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Homeowner Association Law And Remedies
January 3, 2020
Davis-Sterling Open Meeting Act Frequently Asked Questions
What Is The Open Meeting Act?
The Open Meeting Act is a law that requires homeowner associations to hold open meetings and allow the members to speak publicly at those meetings. HOA boards have broad powers to affect large numbers of individuals through their decisions and actions. Hence, the Open Meeting Act requires open governance meetings, with notice, agenda and minutes requirements, and strictly limit closed executive sessions. These provisions parallel California’s open meeting laws regulating government officials, agencies and boards.
The Davis-Sterling Open Meeting Act is found in California Civil Code sections
4900 through 4955.
Is Your HOA Making Decisions Without First Meeting To Discuss And Vote On It?
If they are, they are in violation of the law. HOAs are required to hold a board meeting before taking action on an item of business.
A board meeting is a “congregation, at the same time and place, of a sufficient number of directors to establish a quorum of the board, to hear, discuss, or deliberate upon any item of business that is within the authority of the board.”
In other words, a board meeting is a gathering of a quorum of board members to discuss board business.
An item of business is “any action within the authority of the board, except those actions that the board has validly delegated to any other person or persons, managing agent, officer of the association, or committee of the board comprising less than a quorum of the board.”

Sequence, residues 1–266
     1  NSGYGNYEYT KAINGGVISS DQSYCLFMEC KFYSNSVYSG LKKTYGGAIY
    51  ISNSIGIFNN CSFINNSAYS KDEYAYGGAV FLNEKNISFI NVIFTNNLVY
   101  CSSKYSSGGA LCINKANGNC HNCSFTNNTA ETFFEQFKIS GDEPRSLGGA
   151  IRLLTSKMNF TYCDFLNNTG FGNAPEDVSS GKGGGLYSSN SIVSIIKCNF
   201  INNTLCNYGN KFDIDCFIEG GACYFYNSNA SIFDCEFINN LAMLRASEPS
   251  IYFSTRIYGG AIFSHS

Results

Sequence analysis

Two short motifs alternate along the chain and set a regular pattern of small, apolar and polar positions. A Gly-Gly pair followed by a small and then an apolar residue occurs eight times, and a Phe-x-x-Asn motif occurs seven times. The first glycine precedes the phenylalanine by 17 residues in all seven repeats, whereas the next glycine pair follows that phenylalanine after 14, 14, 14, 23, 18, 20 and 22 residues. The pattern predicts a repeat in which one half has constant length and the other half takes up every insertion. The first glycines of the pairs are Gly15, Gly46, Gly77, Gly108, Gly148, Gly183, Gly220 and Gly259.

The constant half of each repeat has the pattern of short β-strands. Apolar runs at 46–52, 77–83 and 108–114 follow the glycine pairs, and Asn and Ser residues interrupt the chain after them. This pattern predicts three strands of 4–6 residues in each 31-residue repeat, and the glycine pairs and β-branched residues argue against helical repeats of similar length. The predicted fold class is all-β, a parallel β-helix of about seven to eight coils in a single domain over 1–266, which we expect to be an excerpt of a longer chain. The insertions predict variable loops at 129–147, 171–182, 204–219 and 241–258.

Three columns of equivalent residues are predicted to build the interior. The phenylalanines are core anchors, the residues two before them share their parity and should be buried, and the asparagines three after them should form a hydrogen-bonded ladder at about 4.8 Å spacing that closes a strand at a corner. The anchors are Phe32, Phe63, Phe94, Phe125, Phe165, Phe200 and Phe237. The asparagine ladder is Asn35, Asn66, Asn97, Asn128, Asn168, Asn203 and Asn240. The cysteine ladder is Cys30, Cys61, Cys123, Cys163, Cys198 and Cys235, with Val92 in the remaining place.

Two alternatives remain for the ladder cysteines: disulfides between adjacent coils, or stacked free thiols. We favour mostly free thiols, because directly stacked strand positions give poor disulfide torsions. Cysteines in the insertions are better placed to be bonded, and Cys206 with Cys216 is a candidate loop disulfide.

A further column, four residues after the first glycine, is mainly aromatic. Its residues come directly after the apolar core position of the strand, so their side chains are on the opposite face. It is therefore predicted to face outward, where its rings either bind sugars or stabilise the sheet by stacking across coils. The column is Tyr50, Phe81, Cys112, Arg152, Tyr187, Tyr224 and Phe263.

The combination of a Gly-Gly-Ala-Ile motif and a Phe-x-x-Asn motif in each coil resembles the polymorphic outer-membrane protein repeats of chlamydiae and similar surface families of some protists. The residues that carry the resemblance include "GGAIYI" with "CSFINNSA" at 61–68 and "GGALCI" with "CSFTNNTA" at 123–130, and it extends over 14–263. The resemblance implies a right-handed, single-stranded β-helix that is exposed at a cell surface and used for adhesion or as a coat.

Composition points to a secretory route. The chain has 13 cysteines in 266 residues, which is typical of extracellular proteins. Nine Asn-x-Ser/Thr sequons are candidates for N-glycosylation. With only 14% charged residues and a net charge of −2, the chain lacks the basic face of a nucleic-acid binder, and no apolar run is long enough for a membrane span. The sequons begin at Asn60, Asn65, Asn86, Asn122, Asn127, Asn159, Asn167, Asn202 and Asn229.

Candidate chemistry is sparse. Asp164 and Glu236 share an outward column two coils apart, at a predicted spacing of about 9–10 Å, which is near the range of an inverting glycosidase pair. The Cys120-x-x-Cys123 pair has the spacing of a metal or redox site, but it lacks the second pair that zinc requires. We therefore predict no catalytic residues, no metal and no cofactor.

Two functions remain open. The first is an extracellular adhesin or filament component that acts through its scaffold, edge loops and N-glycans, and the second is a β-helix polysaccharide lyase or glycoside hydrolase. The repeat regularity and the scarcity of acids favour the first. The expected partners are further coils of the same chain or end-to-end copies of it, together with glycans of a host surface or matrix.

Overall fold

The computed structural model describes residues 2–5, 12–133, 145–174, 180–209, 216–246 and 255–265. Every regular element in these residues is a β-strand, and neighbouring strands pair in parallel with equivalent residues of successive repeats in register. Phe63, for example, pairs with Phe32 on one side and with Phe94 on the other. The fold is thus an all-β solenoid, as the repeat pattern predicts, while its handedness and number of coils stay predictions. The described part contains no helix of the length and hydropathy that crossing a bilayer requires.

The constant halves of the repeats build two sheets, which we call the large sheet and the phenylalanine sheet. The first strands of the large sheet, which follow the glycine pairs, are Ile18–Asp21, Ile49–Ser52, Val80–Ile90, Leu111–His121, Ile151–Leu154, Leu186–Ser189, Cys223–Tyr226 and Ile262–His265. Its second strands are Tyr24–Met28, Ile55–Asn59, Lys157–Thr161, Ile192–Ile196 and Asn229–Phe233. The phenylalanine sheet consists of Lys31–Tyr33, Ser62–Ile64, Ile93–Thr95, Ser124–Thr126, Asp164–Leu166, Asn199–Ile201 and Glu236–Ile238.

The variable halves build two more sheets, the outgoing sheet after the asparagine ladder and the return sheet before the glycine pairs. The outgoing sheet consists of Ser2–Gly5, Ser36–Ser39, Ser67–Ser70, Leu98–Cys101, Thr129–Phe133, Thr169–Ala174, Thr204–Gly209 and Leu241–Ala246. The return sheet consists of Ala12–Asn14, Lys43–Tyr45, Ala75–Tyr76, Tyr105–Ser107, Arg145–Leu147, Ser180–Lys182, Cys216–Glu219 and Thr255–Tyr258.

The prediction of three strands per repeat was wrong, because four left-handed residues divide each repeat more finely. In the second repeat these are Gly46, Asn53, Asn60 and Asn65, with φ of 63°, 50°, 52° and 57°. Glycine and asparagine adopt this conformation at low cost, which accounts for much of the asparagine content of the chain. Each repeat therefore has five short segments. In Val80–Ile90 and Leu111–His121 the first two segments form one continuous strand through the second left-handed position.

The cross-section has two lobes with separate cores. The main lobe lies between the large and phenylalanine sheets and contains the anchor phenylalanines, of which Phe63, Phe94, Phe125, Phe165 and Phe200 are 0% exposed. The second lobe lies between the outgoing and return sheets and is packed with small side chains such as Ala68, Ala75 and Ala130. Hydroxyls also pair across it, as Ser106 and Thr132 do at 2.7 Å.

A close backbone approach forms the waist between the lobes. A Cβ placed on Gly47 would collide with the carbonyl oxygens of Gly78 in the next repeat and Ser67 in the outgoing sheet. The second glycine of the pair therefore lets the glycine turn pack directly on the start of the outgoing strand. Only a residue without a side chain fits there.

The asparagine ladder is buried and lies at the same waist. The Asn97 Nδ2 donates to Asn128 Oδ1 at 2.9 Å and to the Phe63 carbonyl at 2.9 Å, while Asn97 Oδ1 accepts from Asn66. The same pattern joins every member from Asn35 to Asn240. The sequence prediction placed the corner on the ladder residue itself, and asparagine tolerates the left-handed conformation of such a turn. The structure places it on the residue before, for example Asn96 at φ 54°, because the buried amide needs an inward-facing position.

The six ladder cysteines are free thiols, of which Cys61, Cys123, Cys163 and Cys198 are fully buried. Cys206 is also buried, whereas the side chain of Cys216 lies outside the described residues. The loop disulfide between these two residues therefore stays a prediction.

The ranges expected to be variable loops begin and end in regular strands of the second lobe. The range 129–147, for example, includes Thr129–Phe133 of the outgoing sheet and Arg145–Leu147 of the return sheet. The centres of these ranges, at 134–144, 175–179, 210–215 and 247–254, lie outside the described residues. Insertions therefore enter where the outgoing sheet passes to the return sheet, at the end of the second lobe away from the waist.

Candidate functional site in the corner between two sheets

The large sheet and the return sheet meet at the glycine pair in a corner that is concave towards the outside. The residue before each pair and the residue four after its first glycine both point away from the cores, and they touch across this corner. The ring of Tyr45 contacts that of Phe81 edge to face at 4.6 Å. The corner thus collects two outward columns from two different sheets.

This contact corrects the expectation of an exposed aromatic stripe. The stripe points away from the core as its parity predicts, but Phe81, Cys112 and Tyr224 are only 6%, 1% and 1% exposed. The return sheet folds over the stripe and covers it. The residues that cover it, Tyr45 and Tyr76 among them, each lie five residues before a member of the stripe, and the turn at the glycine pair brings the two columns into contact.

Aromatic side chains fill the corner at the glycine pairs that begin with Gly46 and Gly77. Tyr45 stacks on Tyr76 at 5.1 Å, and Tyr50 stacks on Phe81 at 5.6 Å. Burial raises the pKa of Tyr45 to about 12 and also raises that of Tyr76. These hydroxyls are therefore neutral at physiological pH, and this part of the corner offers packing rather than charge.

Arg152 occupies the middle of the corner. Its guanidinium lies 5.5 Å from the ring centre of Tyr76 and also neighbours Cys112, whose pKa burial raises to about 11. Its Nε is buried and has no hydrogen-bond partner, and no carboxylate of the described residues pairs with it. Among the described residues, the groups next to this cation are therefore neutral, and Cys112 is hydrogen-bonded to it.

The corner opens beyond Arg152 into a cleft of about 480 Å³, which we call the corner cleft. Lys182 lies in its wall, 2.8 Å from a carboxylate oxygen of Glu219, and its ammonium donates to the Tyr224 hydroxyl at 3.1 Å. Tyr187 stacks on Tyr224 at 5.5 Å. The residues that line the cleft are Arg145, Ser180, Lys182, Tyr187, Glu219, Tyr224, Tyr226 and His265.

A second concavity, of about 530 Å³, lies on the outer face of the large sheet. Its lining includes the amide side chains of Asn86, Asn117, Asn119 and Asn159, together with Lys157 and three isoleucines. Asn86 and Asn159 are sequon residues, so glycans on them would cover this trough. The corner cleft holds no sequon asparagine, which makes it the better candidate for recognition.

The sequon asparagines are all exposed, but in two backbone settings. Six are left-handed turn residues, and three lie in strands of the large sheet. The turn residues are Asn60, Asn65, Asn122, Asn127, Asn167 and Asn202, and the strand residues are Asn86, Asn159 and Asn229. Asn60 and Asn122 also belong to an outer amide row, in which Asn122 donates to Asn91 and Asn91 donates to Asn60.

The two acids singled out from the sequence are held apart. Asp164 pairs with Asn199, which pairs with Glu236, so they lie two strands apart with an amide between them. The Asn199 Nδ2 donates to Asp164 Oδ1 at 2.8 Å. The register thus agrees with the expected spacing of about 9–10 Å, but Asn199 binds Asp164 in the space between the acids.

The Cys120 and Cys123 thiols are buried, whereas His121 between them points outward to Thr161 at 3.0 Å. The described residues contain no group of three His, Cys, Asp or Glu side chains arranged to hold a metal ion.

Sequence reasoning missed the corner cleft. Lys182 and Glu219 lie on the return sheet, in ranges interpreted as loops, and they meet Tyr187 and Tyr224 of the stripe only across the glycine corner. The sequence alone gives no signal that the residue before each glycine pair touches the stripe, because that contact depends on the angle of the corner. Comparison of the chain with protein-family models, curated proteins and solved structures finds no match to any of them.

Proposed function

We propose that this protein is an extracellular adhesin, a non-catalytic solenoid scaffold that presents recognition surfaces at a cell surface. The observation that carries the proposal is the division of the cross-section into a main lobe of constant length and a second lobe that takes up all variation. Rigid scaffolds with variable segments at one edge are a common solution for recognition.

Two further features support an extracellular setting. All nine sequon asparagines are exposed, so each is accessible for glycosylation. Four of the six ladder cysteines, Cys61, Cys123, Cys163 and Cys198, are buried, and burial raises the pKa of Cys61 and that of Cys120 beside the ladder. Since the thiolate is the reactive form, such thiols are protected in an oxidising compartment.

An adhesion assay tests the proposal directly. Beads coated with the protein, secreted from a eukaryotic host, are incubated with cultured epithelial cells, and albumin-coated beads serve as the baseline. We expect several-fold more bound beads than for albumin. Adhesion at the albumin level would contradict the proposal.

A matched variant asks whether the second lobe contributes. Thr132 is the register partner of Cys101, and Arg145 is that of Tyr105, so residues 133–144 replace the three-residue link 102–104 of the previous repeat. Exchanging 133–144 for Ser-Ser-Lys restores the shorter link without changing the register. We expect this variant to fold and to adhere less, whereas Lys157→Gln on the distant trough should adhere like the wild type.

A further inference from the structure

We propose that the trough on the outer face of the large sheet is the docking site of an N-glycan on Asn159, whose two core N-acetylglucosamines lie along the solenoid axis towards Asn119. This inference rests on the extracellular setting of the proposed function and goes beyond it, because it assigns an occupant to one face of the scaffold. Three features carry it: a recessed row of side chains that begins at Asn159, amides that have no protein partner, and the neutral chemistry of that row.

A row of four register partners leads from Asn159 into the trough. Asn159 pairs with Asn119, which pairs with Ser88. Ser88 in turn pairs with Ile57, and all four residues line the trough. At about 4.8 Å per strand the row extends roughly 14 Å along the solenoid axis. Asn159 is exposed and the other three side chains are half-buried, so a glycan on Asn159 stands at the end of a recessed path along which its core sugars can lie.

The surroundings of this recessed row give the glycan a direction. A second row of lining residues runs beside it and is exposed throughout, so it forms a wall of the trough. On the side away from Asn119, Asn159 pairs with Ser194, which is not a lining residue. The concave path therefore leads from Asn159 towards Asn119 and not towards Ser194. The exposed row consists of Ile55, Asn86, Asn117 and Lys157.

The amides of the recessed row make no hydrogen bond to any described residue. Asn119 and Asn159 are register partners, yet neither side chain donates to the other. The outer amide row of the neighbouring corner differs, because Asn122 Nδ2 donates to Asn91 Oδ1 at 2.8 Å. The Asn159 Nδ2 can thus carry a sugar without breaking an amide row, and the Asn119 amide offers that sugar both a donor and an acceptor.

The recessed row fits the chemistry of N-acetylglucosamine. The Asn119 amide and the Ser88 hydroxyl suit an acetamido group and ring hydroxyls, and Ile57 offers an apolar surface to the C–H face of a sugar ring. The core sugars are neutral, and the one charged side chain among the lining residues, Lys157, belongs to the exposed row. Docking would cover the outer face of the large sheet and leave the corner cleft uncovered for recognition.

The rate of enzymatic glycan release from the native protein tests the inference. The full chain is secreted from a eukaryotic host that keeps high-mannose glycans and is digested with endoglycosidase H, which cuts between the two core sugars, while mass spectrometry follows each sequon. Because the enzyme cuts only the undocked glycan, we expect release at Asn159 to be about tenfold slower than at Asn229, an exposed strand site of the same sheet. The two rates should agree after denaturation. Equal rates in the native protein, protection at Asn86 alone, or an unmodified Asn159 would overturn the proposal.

Simply stated, if the board can take action on something, it’s an item of business.
Is Your HOA Board Discussing HOA Business Via E-Mail?
In general, e-mail meetings are not allowed. More specifically, “the board shall not conduct a meeting via a series of electronic transmissions, including, but not limited to, electronic mail.” This includes the use of text messages and instant messaging services like Facebook Messenger and WhatsApp.
Emergency meetings are the exception to this rule, but only if certain procedures are followed:
All directors must consent in writing; and
The written consents must be filed with the meeting minutes.
Except for emergency meetings, HOA boards must provide notice of the time and place of a meeting at least four days before the meeting. If the meeting is an executive session, the board must provide two days’ notice of the meeting. If the governing documents (by laws and CC&Rs) require longer notice, then the HOA must provide that longer notice.
Meeting notices must also include an agenda that lists items to be discussed.
Have You Asked To Be Provided With Notices And Agendas Of Board Meetings? Has Your Association Provided Them To You?
HOA boards are required to provide meeting notices and agendas by general delivery. General delivery means that the board can post the notice and agenda in a prominent location if the location has been designated for the posting of general notices by the association in the annual policy statement. General delivery also means that the board can include notices and agendas in billing statements or newsletters.
If you would like individual delivery, it’s your right to ask for it and to receive it. With individual delivery, the board must send you the notice and agenda by mail, or by e-mail if you consent.
Authority: California Civil Code sections
Has Your Association Excluded You From Meetings?
All homeowners have a right to attend board meetings unless the meeting is an executive session meeting. If the meeting is held by phone, homeowners have the right to listen in.
Has Your Association Prevented You From Speaking At Meetings?
Homeowners have the right to speak at board meetings, except for executive session meetings. The board must establish a reasonable time limit for all homeowners to speak. There does not need to be an agenda item such as “homeowners forum” or similar. If you want to speak at a meeting, you have the right to do so.